...where distraction is the main attraction.

Friday, August 19, 2016

The Other Ts: Tamnavulin-Glenlivet 1967 square bottle (Italian import, mid '80s bottling?)

Tamnavulin distillery has risen from the dead like a zombie, or Jesus, or Lazarus, or Cthulhu.  A regular Zombie Cthulhu L. Christ it is.  It was built 50 years ago by the folks who also owned Invergordon distillery, right in a glen on the River Livet (much like its neighbor Glenlivet).  For a while, before companies raised a fuss, its single malts were labeled Tamnavulin-Glenlivet.  In 1993 it was purchased by Whyte & Mackay, who then closed it in 1995.  Thankfully, they did not go the Full Diageo by plowing the structure, salting the earth, and selling it all to a condo development concern.  Instead, W&M were nice enough to keep the parts in the building for some point in the future.  Optimists!  2007 was that future point.  That January they began refurbishing the place (including eventually replacing the wash stills), in May the company was bought by United Spirits, and in August they started distilling again.  They were at full production capacity by 2011.  A few years later the Whtye & Mackay branch of United Spirits was sold to Emperador Incorporated.

I haven't heard any word about them releasing an official Tamnavulin single malt.  (If you have read differently and have a good link to the news, let us know in the comment section below.)  In the meantime, most of the malt goes into the Whyte & Mackay blends.  The old owners did release a number of official bottlings during previous decades.  The one I'm reviewing today was distilled during Tamnavulin's second year.  There isn't much info online about this bottling aside from TWE's page of a sold out dusty bottle.  My sample comes from a LA Scotch Club event last year.  I actually missed the event and bought the samples instead.  Cool story bro.

Distillery: Tamnavulin
Ownership then: Invergordon Distillers Ltd.
Ownership now: Emperador Inc.
Region: Speyside (Livet)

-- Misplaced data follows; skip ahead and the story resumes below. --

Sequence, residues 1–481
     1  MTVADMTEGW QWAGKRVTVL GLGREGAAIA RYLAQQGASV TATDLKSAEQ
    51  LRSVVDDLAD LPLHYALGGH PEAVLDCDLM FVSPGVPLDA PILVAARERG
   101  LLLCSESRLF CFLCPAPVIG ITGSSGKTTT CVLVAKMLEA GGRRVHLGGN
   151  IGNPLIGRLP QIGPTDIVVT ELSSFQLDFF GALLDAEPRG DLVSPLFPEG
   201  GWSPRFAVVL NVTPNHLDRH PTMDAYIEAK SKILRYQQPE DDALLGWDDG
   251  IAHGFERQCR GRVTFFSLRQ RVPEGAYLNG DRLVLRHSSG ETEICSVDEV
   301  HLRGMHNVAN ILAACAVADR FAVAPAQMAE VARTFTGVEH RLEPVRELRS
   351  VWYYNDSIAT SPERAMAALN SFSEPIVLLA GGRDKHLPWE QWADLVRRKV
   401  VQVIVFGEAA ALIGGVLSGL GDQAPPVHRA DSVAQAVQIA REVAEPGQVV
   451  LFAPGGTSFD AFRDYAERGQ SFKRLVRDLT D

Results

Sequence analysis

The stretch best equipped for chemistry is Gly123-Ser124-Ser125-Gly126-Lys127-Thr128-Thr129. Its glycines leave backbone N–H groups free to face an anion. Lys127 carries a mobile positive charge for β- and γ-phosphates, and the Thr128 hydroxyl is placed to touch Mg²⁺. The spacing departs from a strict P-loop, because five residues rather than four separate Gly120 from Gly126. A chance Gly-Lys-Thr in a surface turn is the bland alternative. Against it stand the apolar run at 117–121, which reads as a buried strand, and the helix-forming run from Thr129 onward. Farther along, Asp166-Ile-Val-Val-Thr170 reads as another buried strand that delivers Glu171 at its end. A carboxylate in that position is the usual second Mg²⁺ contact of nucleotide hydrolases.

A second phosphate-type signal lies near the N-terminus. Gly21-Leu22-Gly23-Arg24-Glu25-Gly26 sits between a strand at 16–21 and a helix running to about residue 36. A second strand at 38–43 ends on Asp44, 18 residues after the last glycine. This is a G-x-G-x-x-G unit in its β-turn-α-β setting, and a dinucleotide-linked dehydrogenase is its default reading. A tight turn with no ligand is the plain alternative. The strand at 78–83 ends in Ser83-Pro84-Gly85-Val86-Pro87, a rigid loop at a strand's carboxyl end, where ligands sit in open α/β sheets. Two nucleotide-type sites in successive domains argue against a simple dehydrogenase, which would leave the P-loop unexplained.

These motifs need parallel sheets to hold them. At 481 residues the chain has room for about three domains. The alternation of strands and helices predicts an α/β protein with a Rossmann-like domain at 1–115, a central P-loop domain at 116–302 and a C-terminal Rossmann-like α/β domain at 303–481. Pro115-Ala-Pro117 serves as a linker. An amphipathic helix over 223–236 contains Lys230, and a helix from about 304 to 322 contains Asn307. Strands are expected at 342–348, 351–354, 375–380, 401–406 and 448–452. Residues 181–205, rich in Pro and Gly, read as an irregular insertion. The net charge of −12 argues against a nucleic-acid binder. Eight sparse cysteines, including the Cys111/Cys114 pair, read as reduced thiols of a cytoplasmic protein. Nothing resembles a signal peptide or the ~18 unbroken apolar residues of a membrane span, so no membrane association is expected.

Type: Single Malt
Distilled: 1967
Age: probably between 17 and 22 years old
Maturation: ???
Alcohol by Volume: 43%

Its color is a medium gold.  Lovely bold old damp oak notes lead the way in the nose.  Then lemons.  No, lemon sorbetto!  My notes list "butterscotch" twice, so I guess there's butterscotch too.  Then honeydew and a tiny bit of tropical punch.  Lavender flowers, peat(?), and some OBE-like metallics.  The palate starts off earthy and chalky with a little bit of peat.  As it develops, it intensifies.  A sweet creaminess meets the smoky note, feeling like smoked almonds and cream puffs.  There's malt and also a little bit of IPA-like bitterness.  Musty barrel notes linger throughout.  A nice balance of soft sweet, tart, and bitter notes in the finish meets whispers of smoke and malt.  It's simple but of a decent length.

Ever since I started to find musty notes in old whiskies, I've wondered about the source of those smells and flavors.  Producers wouldn't actually use moldy casks, right?  Or was this part of old bottle effect?  Then, last month, while standing in one of Springbank's gorgeous old dunnage warehouses, with their cold earth floors and stone walls covered in splashes of white mold, I realized I may have been standing amidst the source of one of my favorite whisky characteristics.  Since dunnage storage was utilized by everyone before efficiency and technology took over, perhaps maturing whisky changed in a small way, losing one more element.  Or maybe it's all just in my imagination.

Also, this whisky was great.  Much more vibrant than I'd expected, it had fruit and flowers without being overly fruity or floral.  Nor did the smoke and earth overwhelm.  It was malty and balanced.  Man, I wish I had more.  Many thanks to whomever stored this bottle well for three decades.  I hope other bottles, somewhere out there, will be opened and enjoyed.

Availability - Happy Hunting!
Pricing - $???
Rating - 90